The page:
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Substance - Substance Particulars Particulars can't have...

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    Substance  
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    Particulars Particulars: can’t have multiple instances Dan Bonevac, Gavrilo Princip Empire State Building, Perry-Castañeda Library, that beach ball, this grain of sand Austin, Texas, Sarajevo November 11, 1918 The assassination of Archduke Francis Ferdinand
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    Universals Universals: can have multiple  instances Properties: red, triangular, large Relations: between, on, love, friendship Kinds: tiger, building, pencil, shortstop Books: the Bible;  Worldly Wisdom Musical works:  Luckenbach, Texas Bach’s  Toccata and Fugue in D Minor
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    Are Universals Real? Realism: yes, and mind-independent Conceptualism: yes, but mind-dependent Nominalism: no— everything is particular   Mind-dependent Mind-independent Real Conceptualism Realism Unreal Nominalism
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    Why think forms exist at all? Necessary for knowledge Without forms, we could  Perceive Generalize But we couldn’t Understand why things happen Know any universal or necessary generalizations, as in  science, mathematics, or philosophy There must be something all  Fs  have in common, by  virtue of which they are  Fs
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    Plato’s enemies: Parmenides Parmenides holds that change is  impossible Say that a thing changes: a  is  F  at time  t , but not  F  at  t’ But then  a  is both  F  and not  F That’s a contradiction So, nothing changes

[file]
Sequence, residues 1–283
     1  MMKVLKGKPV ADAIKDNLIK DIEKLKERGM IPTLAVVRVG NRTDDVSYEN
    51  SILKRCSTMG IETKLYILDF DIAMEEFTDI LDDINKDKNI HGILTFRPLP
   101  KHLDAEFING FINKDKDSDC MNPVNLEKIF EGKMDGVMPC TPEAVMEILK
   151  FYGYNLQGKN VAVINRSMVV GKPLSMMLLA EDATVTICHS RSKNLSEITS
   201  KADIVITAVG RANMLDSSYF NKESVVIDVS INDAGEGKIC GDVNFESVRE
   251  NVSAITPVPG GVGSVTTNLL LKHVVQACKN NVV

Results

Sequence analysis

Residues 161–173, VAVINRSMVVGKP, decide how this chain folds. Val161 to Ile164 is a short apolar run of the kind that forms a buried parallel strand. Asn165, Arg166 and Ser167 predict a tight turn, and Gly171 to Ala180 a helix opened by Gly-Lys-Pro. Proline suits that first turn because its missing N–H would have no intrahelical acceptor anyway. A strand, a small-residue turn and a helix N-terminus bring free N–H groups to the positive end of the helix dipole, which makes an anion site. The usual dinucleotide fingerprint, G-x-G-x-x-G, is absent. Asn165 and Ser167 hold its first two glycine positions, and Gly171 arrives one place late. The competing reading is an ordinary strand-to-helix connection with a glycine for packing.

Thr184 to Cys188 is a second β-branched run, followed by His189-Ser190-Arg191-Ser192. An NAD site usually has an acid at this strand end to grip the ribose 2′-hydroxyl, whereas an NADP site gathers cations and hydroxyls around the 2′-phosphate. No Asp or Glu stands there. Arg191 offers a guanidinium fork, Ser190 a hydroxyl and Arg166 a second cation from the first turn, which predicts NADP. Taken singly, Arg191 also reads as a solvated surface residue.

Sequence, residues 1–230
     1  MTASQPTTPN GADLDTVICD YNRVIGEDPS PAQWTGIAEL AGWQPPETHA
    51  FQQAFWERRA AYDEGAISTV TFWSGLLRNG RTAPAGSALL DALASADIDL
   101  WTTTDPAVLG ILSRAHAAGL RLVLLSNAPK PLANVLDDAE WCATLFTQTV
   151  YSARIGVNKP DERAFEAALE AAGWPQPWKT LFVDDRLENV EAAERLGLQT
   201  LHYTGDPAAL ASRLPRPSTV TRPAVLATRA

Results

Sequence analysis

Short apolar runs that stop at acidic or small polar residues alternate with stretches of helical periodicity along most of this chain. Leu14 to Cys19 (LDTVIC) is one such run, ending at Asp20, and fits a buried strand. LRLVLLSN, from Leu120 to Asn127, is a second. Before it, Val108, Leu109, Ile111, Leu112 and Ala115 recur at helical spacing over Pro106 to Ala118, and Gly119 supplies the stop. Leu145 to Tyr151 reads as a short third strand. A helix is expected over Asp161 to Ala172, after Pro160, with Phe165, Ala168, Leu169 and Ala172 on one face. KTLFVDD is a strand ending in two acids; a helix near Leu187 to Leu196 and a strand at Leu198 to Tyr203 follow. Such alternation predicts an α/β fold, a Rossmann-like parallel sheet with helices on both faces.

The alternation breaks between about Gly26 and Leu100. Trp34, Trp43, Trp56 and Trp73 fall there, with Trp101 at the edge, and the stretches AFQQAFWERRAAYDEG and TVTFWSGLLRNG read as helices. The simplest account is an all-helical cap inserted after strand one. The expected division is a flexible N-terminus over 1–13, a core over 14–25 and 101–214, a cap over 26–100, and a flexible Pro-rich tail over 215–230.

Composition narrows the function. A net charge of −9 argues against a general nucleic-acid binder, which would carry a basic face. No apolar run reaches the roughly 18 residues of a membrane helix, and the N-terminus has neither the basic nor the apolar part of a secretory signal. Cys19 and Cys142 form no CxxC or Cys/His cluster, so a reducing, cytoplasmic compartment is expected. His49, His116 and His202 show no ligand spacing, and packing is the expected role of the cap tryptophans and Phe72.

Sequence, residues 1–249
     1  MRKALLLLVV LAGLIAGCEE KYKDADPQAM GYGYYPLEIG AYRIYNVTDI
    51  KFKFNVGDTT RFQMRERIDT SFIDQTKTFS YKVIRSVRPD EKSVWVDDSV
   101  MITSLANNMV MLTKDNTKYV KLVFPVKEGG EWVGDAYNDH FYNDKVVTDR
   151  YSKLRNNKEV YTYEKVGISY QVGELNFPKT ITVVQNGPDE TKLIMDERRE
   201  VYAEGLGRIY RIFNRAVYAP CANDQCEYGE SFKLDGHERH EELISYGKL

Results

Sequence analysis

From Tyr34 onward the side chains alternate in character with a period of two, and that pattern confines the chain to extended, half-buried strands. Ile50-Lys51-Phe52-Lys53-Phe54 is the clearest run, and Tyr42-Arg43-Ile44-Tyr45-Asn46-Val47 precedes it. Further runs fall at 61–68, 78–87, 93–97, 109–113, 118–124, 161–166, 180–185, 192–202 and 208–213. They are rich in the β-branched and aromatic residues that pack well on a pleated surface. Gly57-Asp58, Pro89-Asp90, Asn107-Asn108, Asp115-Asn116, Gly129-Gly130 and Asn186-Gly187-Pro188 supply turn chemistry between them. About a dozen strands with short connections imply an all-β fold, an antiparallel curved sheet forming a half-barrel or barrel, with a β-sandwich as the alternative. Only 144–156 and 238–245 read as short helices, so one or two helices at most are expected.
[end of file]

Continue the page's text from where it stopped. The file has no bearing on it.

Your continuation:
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    Plato’s enemies: Heraclitus That doesn’t show that change is  impossible It just shows that objects don’t  persist through change There are changes: one object  succeeds another “You can’t step into the same river  twice.”
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    Plato’s enemies: Sophists
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    Plato’s enemies: Skeptics
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    Forms explain how we can Think general thoughts Account for regularities Account for change Think the same thought at  different times Think the same thought as  each other Think veridical thoughts
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    Plato’s Divided Line “You have to imagine, then, that there are two ruling powers,  and that one of them is set over the intellectual world, the other  over the visible. . . . Now take a line which has been cut into  two unequal parts, and divide each of them again in the same  proportion, and suppose the two main divisions to answer, one  to the visible and the other to the intelligible, and then compare  the subdivisions in respect of their clearness and want of  clearness, and you will find that the first section in the sphere of  the visible consists of images. And by images I mean, in the  first place, shadows, and in the second place, reflections in  water and in solid, smooth and polished bodies and the  like. . . .”
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